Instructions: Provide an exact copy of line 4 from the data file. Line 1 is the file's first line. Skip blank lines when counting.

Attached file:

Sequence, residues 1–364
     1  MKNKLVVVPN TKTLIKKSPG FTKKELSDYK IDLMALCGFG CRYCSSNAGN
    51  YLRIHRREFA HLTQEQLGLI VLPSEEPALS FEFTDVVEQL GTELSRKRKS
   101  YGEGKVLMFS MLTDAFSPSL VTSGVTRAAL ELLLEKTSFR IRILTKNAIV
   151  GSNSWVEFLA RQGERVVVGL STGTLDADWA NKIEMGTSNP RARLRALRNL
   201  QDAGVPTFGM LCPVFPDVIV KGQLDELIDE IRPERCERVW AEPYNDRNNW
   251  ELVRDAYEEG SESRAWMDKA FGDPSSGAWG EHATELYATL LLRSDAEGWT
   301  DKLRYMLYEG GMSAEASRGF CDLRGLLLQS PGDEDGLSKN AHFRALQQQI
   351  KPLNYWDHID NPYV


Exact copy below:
   101  YGEGKVLMFS MLTDAFSPSL VTSGVTRAAL ELLLEKTSFR IRILTKNAIV